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Indigo

Satisfactory Essays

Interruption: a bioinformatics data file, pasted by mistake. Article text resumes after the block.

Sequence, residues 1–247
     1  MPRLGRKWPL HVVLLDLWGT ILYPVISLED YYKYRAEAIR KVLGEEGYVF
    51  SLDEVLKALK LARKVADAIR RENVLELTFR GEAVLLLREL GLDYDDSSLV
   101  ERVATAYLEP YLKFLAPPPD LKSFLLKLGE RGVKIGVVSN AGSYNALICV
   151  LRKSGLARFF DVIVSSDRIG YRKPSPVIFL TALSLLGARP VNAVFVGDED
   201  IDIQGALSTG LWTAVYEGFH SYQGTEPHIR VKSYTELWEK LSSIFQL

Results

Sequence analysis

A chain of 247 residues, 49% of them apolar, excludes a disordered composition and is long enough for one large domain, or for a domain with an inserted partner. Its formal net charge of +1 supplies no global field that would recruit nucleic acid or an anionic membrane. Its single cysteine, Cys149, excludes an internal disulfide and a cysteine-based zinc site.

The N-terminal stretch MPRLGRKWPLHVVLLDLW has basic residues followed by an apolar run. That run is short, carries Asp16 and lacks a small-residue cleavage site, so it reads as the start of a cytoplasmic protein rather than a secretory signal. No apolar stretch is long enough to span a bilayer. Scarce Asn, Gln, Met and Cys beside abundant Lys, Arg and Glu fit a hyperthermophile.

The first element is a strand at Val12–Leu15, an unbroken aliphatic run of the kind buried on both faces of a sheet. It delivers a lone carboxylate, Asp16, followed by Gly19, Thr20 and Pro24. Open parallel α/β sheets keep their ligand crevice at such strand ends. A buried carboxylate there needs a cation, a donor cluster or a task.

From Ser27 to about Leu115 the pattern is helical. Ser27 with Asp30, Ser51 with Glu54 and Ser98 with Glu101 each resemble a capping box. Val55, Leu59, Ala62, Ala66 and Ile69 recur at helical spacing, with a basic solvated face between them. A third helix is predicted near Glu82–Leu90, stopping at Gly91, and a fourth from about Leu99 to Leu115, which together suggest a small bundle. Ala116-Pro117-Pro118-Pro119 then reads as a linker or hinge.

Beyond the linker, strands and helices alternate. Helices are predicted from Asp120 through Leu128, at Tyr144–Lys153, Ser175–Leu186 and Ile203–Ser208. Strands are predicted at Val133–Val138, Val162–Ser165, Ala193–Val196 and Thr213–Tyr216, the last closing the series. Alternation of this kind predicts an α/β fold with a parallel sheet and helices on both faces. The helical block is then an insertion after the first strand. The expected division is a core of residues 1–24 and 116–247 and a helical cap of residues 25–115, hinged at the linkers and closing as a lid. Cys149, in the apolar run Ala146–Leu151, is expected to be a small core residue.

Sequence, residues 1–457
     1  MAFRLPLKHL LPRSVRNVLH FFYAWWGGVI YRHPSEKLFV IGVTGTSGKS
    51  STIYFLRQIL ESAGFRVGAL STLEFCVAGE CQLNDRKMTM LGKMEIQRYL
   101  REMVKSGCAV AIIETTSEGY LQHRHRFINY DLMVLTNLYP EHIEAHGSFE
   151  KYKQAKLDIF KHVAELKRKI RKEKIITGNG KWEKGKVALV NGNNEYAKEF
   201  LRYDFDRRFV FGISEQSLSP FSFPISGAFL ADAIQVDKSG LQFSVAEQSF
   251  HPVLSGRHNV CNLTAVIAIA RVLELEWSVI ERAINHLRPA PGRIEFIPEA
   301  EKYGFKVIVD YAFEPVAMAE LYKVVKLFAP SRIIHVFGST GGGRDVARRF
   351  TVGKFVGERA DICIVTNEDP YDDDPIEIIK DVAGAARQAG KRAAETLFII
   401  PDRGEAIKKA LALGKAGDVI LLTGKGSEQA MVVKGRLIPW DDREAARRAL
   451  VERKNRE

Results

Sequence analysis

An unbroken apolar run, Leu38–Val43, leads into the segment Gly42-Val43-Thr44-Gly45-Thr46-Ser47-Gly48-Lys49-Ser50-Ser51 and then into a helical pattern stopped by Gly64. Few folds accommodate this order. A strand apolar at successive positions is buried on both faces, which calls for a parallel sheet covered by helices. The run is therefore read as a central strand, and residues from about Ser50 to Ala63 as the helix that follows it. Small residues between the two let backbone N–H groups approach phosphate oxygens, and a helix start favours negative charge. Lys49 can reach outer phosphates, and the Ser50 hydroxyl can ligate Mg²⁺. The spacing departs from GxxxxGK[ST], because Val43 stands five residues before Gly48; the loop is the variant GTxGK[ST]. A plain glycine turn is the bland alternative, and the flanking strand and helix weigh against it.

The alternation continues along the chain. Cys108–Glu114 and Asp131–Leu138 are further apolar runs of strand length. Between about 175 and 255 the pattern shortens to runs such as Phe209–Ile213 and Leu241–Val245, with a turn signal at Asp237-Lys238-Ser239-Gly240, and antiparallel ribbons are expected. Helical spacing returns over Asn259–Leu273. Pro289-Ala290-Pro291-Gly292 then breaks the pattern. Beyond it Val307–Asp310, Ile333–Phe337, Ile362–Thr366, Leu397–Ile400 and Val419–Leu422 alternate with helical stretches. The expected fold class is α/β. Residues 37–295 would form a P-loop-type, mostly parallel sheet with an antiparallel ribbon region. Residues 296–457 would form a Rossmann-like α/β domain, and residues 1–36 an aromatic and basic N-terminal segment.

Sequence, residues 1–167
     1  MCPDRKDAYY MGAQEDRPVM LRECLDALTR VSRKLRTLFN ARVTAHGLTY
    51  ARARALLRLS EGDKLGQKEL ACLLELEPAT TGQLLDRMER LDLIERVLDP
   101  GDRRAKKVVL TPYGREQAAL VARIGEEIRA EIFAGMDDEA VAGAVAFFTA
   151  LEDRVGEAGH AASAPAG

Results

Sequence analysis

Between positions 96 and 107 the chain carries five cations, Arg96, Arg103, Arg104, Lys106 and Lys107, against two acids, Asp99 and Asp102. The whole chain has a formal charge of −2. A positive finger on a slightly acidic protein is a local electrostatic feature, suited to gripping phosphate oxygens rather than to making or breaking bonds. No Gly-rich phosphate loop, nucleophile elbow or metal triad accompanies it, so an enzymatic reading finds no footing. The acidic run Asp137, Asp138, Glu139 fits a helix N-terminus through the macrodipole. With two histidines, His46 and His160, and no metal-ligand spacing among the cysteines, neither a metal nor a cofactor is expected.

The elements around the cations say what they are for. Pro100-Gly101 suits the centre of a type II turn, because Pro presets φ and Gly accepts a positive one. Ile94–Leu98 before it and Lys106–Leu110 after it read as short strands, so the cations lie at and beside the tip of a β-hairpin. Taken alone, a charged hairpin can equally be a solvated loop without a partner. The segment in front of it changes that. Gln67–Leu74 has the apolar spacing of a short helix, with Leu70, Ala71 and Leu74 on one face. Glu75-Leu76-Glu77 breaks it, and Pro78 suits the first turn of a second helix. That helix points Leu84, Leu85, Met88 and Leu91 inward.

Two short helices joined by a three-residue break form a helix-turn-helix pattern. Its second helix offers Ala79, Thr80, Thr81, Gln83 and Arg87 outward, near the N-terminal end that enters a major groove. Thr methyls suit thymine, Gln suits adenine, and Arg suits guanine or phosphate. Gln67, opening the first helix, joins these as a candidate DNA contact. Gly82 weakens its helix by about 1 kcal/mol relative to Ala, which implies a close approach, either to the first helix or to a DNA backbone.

Amber Hutchison Post Modern Fiction Indigo February 23, 2000 People are born with passion. The irony is that most people spend all their lives searching for that passion without looking inside that soul to the heart of the passion. The trick to discovering that passion is to find what makes us happy. For Indigo the main character of Sassafras, Cypress and Indigo by her passion lies in the music she creates from her soul while using her violin as her tool. From a modern literary criticism standpoint this passion is seen through her characterization and the symbolic use of the violin. However in peeling back the layers and focusing on this story from a Post – Modern standpoint the reader uncovers deeper issues. There is a sense of discontinuity in the linear structure that leads to a discovery about the cultural issues in this story. Indigo challenges the boundaries of her age and a society that struggles to find a place for her and her soul. That is going under the assumption that there is a place. "Indigo did not tell her mother about Mr. Lucas being so evil, nor did she mention that her new fiddle could talk."(Norton 43) With in the first few lines of the story Indigo’s violin begins its transformation from merely and instrument to an extension of her soul. Symbolically Indigo’s violin is representative of her soul. With her violin Indigo pursues the passions of her soul as she struggles to find her place somewhere between childhood and womanhood. Indigo’s mother begs her not to play the violin anymore at night because the neighbors complained about the awful noise. She forces Indigo to take lessons or go somewhere else to play. By rejection her violin her mother rejects the heart and soul of Indigo. Only when she flees to Sister Marie Louise’s shed is she able to play her music and bare her soul to the world. The violin takes on the presence of sin in her life as her mother forbids her to play. It is the forbidden fruit that Indigo longs to taste. Indigo’s character constantly revolves through the turmoil of a young adolescent on the brink of woman hood. "Then she would blush, hurriedly out the fiddle back into the case, the Colored and Romance having got the best of her."(Norton 45) Indigo is not ready to take that final step into womanhood but she is brave enough to sample.
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